Helsinki to Delhi by Prof Wendy Graham
This has been an unusual overseas trip – my 3rd this year, and now – on the return leg, I can reflect on the experience and its link with the work of Soapbox.
The title refers to the temperature separation between the two destinations I have just visited – Helsinki at 3 degrees and Delhi at 37 degrees! This made for a round trip – Edinburgh – Helsinki – Delhi – London – which was challenging not only in terms of acclimatization and jet lag, but also suitcase packing – boots and flip-flops! But there was a strong common thread to the trip which also lies at the heart of the purpose of Soapbox – quality of healthcare.
In Helsinki I had the enormous pleasure of examining a PhD on access and quality of care at birth, and, in the Finnish tradition, involving a public viva and a dinner in honour of “the opponent” – the examiner. The thesis revealed the impact of poor quality care on early newborn mortality across a large number of low- and middle-income countries. The preparation for the exam and three-hour conversation which comprised the viva prepared me well for the next stage of the trip.
In Delhi, I was one of a small group of experts invited to a WHO consultation entitled “Promoting cleaner and safer facilities in the South East Asia region”. This two-day event brought together diverse disciplines and professions to identify opportunities to increase awareness of WASH & IPC in healthcare facilities and so catalyse change as part of broader quality improvement. It was exciting to see the relevance of Soapbox’s work – including in three countries in the Region (Bangladesh, India and Myanmar) through its needs assessments and by developing the TEACH CLEAN package for training facility cleaners. The consultation was by-way of preparation for a much larger meeting in July, and a further opportunity to disseminate the lessons we have learnt and the tools prepared.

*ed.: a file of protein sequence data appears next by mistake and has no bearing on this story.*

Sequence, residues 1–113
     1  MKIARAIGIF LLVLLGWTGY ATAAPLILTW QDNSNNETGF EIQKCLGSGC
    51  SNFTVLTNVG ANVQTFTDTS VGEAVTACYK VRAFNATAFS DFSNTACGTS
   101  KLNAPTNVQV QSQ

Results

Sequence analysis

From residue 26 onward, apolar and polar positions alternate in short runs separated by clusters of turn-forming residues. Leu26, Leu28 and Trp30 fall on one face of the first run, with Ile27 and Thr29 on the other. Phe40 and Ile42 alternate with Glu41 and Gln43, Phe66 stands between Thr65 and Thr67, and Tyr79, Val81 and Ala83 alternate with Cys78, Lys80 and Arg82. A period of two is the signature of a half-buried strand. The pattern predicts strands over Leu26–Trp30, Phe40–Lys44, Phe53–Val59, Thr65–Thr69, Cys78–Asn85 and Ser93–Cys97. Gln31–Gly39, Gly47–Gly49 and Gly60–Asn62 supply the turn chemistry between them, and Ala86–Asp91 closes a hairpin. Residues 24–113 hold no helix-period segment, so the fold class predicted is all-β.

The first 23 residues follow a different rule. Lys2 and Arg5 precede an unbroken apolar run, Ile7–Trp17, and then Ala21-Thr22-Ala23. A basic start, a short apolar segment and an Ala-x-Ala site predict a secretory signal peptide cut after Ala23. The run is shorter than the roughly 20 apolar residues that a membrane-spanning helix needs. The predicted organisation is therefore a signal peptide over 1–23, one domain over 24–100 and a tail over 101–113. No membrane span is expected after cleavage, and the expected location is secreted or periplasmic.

What was striking from both the viva and the consultation was the huge diversity of healthcare settings in which women deliver, with some achieving high standards of quality and others in which the risk of harm rather than benefit is significant. These degrees of separation can sometimes be explained by different resource bases – of the population and the health service, but the human contribution in terms of the leadership, the clinical and the caring skills of providers plays a large part. In Delhi, the consultation highlighted the key role formerly played by the matron of the facility – the chief nurse, with oversight of infection prevention across the facility including standards of hygiene and cleaning. And at this time of the Nursing Now campaign, the low status sometimes accorded to this critical profession in many LMICs must be challenged. In raising the profile of nursing, a cascade of benefits can be expected to quality of care, including the status of cleaning and infection prevention.